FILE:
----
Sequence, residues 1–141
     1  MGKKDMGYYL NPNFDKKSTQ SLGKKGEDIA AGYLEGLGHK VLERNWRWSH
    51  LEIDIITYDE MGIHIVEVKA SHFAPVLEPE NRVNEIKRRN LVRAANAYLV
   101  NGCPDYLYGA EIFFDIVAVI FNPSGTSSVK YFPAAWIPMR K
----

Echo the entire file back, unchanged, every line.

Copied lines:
Sequence, residues 1–141
     1  MGKKDMGYYL NPNFDKKSTQ SLGKKGEDIA AGYLEGLGHK VLERNWRWSH
    51  LEIDIITYDE MGIHIVEVKA SHFAPVLEPE NRVNEIKRRN LVRAANAYLV
   101  NGCPDYLYGA EIFFDIVAVI FNPSGTSSVK YFPAAWIPMR K